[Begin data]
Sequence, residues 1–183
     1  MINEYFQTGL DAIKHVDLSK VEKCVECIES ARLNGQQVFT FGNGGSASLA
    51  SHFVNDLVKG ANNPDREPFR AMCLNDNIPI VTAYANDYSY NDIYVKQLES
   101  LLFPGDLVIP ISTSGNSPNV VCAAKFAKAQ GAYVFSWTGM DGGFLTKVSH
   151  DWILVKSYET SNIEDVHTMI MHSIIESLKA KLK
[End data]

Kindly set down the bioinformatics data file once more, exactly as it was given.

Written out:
Sequence, residues 1–183
     1  MINEYFQTGL DAIKHVDLSK VEKCVECIES ARLNGQQVFT FGNGGSASLA
    51  SHFVNDLVKG ANNPDREPFR AMCLNDNIPI VTAYANDYSY NDIYVKQLES
   101  LLFPGDLVIP ISTSGNSPNV VCAAKFAKAQ GAYVFSWTGM DGGFLTKVSH
   151  DWILVKSYET SNIEDVHTMI MHSIIESLKA KLK